“Our striv­ing for some­thing greater”

Al­most 200 mil­lion peo­ple are look­ing for work world­wide, while au­to­ma­tion sows fear of stag­nat­ing wages and dis­ap­pear­ing jobs. A con­ver­sa­tion with Guy Ry­der, Direc­tor Gen­eral of the In­ter­na­tional Labour Or­ga­ni­za­tion (ILO), about work and world peace, the

Bulletin - - Jobs Of The Future - By Manuel Ry­bach

An in-depth con­ver­sa­tion with ILO Direc­tor-gen­eral Guy Ry­der.

W“Work gives you mean­ing and pur­pose,” ac­cord­ing to Stephen Hawk­ing. Sig­mund Freud sup­pos­edly said that a ful­fill­ing life con­sists of work and love. Why is work so im­por­tant for hu­mankind, be­yond the mere re­mu­ner­a­tion?

Work has a cru­cial so­cial func­tion be­yond just meet­ing ma­te­rial needs. Work must cer­tainly meet ma­te­rial needs, but it must also re­spond to an in­di­vid­ual’s quest for per­sonal de­vel­op­ment and the in­stinc­tive de­sire to con­trib­ute to some­thing larger than one’s own or one’s fam­ily’s wel­fare. The ILO’S Dec­la­ra­tion of Philadel­phia – adopted in 1944 – refers to the need to act to en­sure that work­ers “can have the sat­is­fac­tion of giv­ing the fullest mea­sure of their skill and at­tain­ments and make their great­est con­tri­bu­tion to the com­mon well-be­ing.”

Ac­cord­ing to his­to­rian Yu­val Noah Harari, gath­er­ers and hun­ters worked only a cou­ple of hours a day. With to­day’s dig­i­ti­za­tion, in con­trast, we are in dan­ger of work­ing around the clock. Is the his­tory of hu­man evo­lu­tion ac­tu­ally a big de­cline in qual­ity of life?

How does Harari know that they only worked a cou­ple of hours a day? They may have spent days run­ning af­ter the deer without find­ing it … and Harari also ac­knowl­edges that in his book later on: qual­ity of life and well­be­ing have reached un­fore­seen lev­els be­cause of the great tech­no­log­i­cal progress that has taken place in the past few gen­er­a­tions. Mean­while, tech­nol­ogy is mak­ing a great part of hu­man la­bor re­dun­dant. Harari says … I see this kind of pre­dic­tion less as a prophecy and more a way of dis­cussing our present choices. If the dis­cus­sion makes us choose dif­fer­ently, so that the pre­dic­tion is proven wrong, all the bet­ter.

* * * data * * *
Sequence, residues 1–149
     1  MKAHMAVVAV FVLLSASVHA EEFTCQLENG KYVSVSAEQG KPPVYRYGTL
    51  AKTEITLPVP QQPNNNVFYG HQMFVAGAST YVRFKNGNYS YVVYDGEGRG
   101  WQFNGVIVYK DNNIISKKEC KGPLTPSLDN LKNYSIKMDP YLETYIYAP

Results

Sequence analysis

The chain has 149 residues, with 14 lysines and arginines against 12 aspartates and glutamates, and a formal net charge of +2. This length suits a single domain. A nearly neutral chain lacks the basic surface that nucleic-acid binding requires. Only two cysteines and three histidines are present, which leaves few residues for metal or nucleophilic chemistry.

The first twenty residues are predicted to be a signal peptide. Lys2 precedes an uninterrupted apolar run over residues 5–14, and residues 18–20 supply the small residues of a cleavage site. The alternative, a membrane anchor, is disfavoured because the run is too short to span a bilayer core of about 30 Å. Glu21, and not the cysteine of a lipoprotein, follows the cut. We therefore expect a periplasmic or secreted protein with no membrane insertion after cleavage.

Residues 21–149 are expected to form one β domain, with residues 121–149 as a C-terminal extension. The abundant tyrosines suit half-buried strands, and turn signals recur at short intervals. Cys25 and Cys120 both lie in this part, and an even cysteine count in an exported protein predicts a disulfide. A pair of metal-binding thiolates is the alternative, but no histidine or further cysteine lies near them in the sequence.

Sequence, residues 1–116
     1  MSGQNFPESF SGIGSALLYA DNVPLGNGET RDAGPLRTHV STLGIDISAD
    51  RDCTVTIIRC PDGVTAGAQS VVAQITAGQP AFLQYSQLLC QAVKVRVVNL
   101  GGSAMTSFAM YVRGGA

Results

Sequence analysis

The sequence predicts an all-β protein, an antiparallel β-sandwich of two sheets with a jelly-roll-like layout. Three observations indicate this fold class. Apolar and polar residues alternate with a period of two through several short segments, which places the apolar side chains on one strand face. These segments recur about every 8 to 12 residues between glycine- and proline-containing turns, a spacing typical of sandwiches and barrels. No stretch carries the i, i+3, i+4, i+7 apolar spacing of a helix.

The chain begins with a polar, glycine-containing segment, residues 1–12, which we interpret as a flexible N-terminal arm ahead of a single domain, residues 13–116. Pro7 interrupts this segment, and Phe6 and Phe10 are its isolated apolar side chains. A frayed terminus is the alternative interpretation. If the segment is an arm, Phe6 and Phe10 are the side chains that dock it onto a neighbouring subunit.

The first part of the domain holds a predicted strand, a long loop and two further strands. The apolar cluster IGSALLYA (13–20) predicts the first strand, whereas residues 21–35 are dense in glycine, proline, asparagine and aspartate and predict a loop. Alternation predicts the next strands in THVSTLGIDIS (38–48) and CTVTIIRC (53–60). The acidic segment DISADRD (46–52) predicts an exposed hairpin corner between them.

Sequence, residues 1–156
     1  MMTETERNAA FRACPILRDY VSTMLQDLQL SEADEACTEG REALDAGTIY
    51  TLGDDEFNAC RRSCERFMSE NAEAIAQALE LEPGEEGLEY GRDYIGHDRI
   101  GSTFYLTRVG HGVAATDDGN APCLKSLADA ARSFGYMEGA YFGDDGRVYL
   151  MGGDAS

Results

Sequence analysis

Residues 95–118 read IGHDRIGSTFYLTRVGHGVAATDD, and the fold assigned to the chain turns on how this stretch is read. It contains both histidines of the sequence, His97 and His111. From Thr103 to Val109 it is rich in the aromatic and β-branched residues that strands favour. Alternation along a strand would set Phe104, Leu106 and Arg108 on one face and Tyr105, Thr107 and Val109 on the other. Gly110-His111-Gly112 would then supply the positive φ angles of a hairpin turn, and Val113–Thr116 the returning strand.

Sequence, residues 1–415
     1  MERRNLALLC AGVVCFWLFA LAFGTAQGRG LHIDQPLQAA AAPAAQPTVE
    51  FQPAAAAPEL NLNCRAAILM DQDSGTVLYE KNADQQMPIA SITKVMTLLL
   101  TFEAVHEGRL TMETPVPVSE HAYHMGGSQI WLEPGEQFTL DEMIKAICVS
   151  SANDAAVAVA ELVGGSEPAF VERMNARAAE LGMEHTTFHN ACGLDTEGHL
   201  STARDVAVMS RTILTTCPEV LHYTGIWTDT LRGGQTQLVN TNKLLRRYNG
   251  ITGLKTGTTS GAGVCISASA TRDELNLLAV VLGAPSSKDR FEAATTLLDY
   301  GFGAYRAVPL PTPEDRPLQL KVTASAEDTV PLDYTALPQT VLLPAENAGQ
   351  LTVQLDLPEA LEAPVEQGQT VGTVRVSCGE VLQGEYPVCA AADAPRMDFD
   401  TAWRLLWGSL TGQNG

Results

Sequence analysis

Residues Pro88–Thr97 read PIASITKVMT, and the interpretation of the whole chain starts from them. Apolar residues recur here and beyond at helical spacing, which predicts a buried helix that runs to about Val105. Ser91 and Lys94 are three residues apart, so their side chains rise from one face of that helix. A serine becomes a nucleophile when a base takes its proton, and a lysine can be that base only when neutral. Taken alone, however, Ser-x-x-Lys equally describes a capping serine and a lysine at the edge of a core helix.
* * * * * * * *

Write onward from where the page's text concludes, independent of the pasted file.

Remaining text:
Next year, the ILO cel­e­brates its 100th birth­day. Many of its orig­i­nal goals,

like the 40-hour work week have been achieved – why is the ILO still needed to­day?

Key times of change, for bet­ter or worse, have fol­lowed war, eco­nomic tur­moil or po­lit­i­cal cri­sis. We may again be en­ter­ing such a pe­riod, and how the ILO re­sponds will surely make a dif­fer­ence to whether the global econ­omy meets our goals for rights, jobs and se­cu­rity.

The ILO and the League of Na­tions were founded to­gether af­ter World War I as an in­te­gral part of the peace process. The drive to cre­ate the ILO came from the ur­gent need to im­prove the ap­palling work­ing con­di­tions faced by many in the early decades af­ter the In­dus­trial Rev­o­lu­tion …

… and with great suc­cess. Since 1919 there have been im­por­tant changes in at­ti­tudes to work and in poli­cies aimed at im­prov­ing its qual­ity. These changes have con­di­tioned the ILO’S work and its im­pact in both in­dus­tri­al­ized and de­vel­op­ing coun­tries. In re­cent crises and their af­ter­math, ILO issues were cen­tral. If new for­mu­la­tions of in­ter­na­tional so­cial jus­tice, new eth­i­cal rules and new pol­icy in­stru­ments emerge to guide the world econ­omy and la­bor mar­kets, the ILO’S goals must be at their heart.

One of the key fea­tures of the ILO is its ap­proach of bring­ing to­gether gov­ern­ments, la­bor unions and em­ployer fed­er­a­tions. Is this model here to stay or will it be chal­lenged by changes in the na­ture of work?